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Russia: Clinton Concerned About Religion Law

New York, 23 September 1997 (RFE/RL) - U.S. President Bill Clinton yesterday expressed concern about Russian legislation that the U.S. believes will reduce freedom of religion for minorities.

U.S. National Security adviser Sandy Berger says Clinton raised the issue in talks yesterday with Russian Foreign Minister Yevgeny Primakov in New York.

The Russian State Duma approved the bill last week after it had been revised by a conciliatory commission. Russian President Boris Yeltsin vetoed an earlier version in July. To take effect, it must still pass Russia's Federation Council and be signed by Yeltsin.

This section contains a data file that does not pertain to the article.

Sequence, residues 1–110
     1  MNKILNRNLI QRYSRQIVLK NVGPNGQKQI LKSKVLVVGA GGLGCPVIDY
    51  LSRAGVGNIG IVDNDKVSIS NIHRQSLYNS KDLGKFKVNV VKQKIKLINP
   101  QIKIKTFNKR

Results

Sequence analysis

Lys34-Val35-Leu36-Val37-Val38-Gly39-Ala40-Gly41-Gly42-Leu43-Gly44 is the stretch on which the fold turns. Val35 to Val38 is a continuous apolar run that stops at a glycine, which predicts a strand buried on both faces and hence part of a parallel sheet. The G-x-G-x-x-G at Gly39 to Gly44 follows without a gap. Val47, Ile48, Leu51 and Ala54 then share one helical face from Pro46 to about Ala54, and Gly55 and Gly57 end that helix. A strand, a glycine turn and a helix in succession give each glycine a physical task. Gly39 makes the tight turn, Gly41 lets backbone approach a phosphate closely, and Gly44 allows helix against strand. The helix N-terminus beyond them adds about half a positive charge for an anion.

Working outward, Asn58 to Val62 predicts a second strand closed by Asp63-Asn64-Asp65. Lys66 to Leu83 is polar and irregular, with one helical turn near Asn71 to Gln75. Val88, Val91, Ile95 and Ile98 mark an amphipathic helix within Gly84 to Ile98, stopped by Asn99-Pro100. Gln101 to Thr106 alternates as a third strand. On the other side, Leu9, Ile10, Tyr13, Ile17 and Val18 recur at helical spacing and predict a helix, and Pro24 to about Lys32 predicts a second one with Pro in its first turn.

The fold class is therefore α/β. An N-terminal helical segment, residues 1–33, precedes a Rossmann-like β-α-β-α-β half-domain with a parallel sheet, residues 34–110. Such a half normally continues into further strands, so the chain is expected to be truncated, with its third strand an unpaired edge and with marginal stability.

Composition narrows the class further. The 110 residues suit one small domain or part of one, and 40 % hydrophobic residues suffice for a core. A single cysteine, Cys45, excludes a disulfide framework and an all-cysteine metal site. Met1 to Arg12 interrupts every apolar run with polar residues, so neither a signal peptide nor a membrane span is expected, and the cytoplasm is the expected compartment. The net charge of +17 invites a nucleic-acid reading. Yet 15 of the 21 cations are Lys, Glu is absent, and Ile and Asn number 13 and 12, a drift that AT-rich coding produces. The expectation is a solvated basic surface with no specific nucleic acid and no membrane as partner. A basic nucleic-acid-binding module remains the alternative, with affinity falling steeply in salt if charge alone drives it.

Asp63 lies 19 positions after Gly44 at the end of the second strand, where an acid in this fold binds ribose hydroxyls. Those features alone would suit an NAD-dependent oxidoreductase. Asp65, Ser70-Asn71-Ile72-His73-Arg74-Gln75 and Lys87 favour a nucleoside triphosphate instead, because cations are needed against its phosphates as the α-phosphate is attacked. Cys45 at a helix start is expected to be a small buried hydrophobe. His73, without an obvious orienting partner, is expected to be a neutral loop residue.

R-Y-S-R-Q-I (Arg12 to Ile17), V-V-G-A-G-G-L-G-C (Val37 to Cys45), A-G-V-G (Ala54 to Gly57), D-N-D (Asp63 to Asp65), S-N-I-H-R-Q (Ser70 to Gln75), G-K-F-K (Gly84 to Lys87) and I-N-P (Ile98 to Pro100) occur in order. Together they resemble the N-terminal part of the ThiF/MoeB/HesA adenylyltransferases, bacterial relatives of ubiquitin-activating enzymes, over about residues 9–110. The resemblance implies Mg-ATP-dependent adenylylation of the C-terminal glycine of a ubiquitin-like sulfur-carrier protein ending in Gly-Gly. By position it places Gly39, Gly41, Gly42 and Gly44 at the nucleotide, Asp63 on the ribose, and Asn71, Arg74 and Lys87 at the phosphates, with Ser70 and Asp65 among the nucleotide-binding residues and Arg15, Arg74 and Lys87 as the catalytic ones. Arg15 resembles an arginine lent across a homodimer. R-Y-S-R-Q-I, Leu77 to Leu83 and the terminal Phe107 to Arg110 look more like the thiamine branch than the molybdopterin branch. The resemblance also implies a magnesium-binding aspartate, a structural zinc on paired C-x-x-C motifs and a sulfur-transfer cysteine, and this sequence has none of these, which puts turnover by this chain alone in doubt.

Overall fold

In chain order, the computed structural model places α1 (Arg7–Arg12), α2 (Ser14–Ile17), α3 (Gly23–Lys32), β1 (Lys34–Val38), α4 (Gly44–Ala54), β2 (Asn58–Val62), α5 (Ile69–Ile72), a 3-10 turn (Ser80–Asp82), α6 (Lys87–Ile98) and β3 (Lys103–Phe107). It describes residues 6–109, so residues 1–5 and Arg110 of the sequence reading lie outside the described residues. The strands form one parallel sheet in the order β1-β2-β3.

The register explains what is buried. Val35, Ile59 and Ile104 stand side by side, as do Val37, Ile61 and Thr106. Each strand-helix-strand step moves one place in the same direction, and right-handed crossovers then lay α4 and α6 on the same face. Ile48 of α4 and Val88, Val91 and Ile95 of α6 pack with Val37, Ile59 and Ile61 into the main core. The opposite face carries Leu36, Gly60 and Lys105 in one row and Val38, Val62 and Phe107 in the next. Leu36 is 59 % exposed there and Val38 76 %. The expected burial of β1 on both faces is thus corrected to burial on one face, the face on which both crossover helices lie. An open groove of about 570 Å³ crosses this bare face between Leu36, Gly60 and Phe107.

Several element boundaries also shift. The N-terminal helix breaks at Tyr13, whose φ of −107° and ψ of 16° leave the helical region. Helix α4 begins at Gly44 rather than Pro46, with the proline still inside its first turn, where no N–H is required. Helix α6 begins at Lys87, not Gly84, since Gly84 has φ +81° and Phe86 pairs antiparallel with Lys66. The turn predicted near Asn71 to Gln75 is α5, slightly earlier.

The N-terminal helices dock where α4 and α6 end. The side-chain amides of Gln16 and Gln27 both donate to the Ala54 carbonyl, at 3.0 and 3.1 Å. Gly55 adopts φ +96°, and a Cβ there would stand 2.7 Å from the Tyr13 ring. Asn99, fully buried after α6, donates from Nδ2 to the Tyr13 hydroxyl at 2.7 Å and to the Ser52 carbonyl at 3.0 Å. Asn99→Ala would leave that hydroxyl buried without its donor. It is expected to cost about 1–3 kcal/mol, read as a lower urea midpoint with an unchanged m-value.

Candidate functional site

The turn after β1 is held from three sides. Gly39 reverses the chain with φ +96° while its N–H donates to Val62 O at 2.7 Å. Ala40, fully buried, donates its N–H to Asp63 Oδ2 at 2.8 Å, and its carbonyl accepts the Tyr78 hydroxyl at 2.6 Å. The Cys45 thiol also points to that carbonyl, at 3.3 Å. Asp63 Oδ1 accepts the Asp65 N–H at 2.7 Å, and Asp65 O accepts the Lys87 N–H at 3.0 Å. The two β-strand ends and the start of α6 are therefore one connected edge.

Berger told reporters that Primakov assured Clinton the new version of the legislation was better than the previous one. He also quoted Primakov as saying that Russian authorities would enforce the law in a way that would not affect minority groups as the U.S. fears.

Berger said Clinton and Primakov also had a lengthy discussion about the situation in Bosnia, especially developments in Republika Srpska and the conflict between its president, Biljana Plavsic, and Pale-based supporters of former Bosnian Serb leader Radovan Karadzic.

Primakov told Clinton that Russia will not oppose parliamentary elections to be held in Republika Srpska next month. Berger called that an important development.

He said the two sides also had a positive and hopeful discussion on arms control issues.